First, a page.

reputation. Herbert is sketched as one who exchanged the advantages of noble birth and
worldly preferment for the strains of serving at "Gods Altar," one whose "obedience and
conformitie to the Church and the discipline thereof was singularly remarkable," and
whose "faithfull discharge" of the holy duties to which he was called "make him justly a
companion to the primitive Saints, and a pattern or more for the age he lived in."
Herbert becomes a model of harmonious, orderly, non-controversial devotion for whom
faith brought answers and commitment to the social establishment, not divisive
questions and social fragmentation.
Philosophers have measured mountains,
Fathom'd the depths of seas, of states, and kings,
Walk'd with a staff to heaven, and traced fountains
But there are two vast, spacious things,
The which to measure it doth more behove:
Yet few there are that sound them; Sin and Love.
Who would know Sin, let him repair
Unto Mount Olivet; there shall he see
A man, so wrung with pains, that all his hair,
His skin, his garments, bloody be.
Sin is that Press and Vice, which forceth pain
To hunt his cruel food through every vein.
Who knows not Love, let him assay,
And taste that juice, which on the cross a pike
Did set again abroach; then let him say
If ever he did taste the like.
Love is that liquor sweet and most divine,
Which my God feels as blood; but I, as wine.
Andrew Marvell 1621-1678
Andrew Marvell was an English metaphysical poet, Parliamentarian, and the son of a
Church of England clergyman (also named Andrew Marvell). As a metaphysical poet, he
is associated with John Donne and George Herbert. He was a colleague and friend of
Marvell was born in Winestead-in-Holderness, East Riding of Yorkshire, near the city of
Kingston upon Hull. The family moved to Hull when his father was appointed Lecturer at
Holy Trinity Church there, and Marvell was educated at Hull Grammar School. A secondary school in the city is now named after him.
Marvell’s poetry is often witty and full of elaborate conceits in the elegant style of the
metaphysical poets. Many poems were inspired by events of the time, public or
To His Coy Mistress
Had we but world enough and time,
This coyness, lady, were no crime.
We would sit down, and think which way
To walk, and pass our long love’s day.
Thou by the Indian Ganges’ side
Shouldst rubies find; I by the tide
Of Humber would complain. I would
Love you ten years before the flood,
And you should, if you please, refuse
Till the conversion of the Jews.
My vegetable love should grow
Vaster than empires and more slow;
An hundred years should go to praise
Thine eyes, and on thy forehead gaze;
Two hundred to adore each breast,
But thirty thousand to the rest;
An age at least to every part,
And the last age should show your heart.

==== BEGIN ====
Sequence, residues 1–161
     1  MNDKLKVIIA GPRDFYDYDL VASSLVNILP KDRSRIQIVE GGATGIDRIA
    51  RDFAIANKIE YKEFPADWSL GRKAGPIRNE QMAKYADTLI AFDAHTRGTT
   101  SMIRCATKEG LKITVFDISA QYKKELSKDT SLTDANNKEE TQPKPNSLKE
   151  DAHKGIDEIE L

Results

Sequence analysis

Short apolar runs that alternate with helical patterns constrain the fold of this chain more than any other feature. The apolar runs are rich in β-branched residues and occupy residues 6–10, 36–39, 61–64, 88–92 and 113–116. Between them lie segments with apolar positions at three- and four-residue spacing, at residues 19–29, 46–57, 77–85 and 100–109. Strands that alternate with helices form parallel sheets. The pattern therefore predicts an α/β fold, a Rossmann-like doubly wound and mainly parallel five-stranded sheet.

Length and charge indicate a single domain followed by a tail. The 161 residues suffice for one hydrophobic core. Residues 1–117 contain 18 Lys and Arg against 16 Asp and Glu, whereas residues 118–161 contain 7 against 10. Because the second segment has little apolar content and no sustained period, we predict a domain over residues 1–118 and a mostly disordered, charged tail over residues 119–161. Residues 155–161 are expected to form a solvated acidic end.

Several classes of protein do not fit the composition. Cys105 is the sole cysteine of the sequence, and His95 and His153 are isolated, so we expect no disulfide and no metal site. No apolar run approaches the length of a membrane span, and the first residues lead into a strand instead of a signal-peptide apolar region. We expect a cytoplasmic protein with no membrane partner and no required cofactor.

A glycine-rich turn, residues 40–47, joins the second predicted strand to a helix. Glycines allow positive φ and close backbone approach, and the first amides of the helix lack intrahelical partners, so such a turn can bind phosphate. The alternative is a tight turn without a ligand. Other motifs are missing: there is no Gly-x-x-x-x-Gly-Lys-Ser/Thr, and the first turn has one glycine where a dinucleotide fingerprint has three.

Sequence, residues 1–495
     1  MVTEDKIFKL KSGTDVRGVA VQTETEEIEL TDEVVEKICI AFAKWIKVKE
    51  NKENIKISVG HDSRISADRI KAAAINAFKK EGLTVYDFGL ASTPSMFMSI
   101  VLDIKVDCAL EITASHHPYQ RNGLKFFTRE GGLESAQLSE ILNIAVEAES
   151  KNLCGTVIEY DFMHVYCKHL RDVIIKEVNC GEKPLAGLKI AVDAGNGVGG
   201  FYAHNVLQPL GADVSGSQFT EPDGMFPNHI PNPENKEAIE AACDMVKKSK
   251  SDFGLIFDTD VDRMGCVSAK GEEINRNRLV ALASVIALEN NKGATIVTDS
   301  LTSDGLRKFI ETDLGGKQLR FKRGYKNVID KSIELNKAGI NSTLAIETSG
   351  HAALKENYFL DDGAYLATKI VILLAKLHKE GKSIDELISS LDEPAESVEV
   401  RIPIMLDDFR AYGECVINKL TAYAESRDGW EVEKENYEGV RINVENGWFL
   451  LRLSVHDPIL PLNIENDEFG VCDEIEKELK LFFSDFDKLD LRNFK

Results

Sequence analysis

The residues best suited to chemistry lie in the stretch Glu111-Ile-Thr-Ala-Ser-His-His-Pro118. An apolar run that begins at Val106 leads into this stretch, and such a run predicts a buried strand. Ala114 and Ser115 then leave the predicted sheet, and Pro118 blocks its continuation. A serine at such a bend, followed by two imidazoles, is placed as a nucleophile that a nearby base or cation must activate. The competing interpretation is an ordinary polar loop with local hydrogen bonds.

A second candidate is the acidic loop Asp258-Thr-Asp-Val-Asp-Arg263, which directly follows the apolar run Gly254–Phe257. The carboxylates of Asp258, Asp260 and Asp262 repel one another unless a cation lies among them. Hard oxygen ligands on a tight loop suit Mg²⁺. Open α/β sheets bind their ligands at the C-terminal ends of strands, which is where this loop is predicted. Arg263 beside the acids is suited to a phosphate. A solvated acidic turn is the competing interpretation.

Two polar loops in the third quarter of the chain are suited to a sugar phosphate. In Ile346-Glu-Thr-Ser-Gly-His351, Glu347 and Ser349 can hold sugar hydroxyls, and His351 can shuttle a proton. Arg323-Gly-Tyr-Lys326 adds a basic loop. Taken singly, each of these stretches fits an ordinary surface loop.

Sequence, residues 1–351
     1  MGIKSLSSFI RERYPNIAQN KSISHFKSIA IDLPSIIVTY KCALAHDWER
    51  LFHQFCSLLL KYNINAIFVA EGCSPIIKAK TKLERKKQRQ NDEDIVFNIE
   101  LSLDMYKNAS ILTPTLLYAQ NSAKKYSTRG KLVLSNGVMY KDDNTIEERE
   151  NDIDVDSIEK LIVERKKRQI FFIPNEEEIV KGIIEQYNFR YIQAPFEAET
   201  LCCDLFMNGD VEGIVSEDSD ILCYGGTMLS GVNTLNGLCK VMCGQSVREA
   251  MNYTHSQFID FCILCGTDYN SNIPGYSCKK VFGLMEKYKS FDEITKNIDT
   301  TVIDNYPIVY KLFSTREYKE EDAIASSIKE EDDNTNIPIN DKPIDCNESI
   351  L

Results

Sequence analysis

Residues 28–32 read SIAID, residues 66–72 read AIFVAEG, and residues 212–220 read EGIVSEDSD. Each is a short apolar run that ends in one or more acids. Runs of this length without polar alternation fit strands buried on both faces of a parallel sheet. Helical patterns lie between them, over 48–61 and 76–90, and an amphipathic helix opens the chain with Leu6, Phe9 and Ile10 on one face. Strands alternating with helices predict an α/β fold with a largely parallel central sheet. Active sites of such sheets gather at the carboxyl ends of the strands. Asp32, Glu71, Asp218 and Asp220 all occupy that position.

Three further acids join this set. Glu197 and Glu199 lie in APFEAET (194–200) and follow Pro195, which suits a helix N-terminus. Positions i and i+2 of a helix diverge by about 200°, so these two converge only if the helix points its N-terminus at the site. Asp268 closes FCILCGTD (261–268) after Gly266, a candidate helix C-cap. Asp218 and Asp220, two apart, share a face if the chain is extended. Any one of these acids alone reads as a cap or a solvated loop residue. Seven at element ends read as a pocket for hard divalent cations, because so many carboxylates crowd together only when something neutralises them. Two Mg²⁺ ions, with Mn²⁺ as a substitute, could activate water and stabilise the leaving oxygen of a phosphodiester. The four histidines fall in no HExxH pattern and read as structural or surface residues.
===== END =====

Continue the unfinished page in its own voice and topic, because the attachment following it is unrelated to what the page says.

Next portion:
For, lady, you deserve this state,
Nor would I love at lower rate.
But at my back I always hear
Time’s wingèd chariot hurrying near;
And yonder all before us lie
Deserts of vast eternity.
Thy beauty shall no more be found;
Nor, in thy marble vault, shall sound
My echoing song; then worms shall try
That long-preserved virginity,
And your quaint honour turn to dust,
And into ashes all my lust;
The grave’s a fine and private place,
But none, I think, do there embrace.
Now therefore, while the youthful hue
Sits on thy skin like morning dew,
And while thy willing soul transpires
At every pore with instant fires,
Now let us sport us while we may,
And now, like amorous birds of prey,
Rather at once our time devour
Than languish in his slow-chapped power.
Let us roll all our strength and all
Our sweetness up into one ball,
And tear our pleasures with rough strife
Through the iron gates of life:
Thus, though we cannot make our sun
Stand still, yet we will make him run.
Thomas Carew 1595-1640
Thomas Carew, was born in 1594/95, in West Wickham, Kent, England. He died on
March the 22nd, 1639/40, in London. Carew was an English poet and first of the Cavalier
Educated at the University of Oxford and at the Middle Temple, London, Carew served as
secretary at embassies in Venice, The Hague, and Paris. In 1630 Carew received a court
appointment and became server at table to the king. The Earl of Clarendon considered
him as “a person of pleasant and facetious wit” among a brilliant circle of friends that
included the playwright Ben Jonson.
Carew’s poems, circulated in manuscript, were amatory lyrics or occasional poems
addressed to members of the court circle, notable for their ease of language and skilful
control of mood and imagery. His longest poem was the sensuous Rapture, but his lyrics
are among the most complex and thoughtful of any produced by the Cavalier poets. He
was a meticulous workman, and his own verses addressed to Ben Jonson show that he
was proud to share Jonson’s creed of painstaking perfection. He greatly admired the
poems of John Donne, whom he called king of “the universal monarchy of wit” in his
elegy on Donne (deemed the outstanding piece of poetic criticism of the age). He
translated a number of the Psalms and is said to have died with expressions of remorse
for a life of libertinism. His poems were published a few weeks after his death.
A Divine Mistress
In Nature's pieces still I see
Some error that might mended be;
Something my wish could still remove,
Alter or add; but my fair love
Was fram'd by hands far more divine,
For she hath every beauteous line:
Yet I had been far happier,
Had Nature, that made me, made her.
Then likeness might (that love creates)
Have made her love what now she hates;
Yet I confess I cannot spare
From her just shape the smallest hair;
Nor need I beg from all the store
Of heaven for her one beauty more.
She hath too much divinity for me:
You gods, teach her some more humanity.
Di Cesare, M A (eds) George Herbert and the Seventeenth Century Religious Poets. (1978) Norton and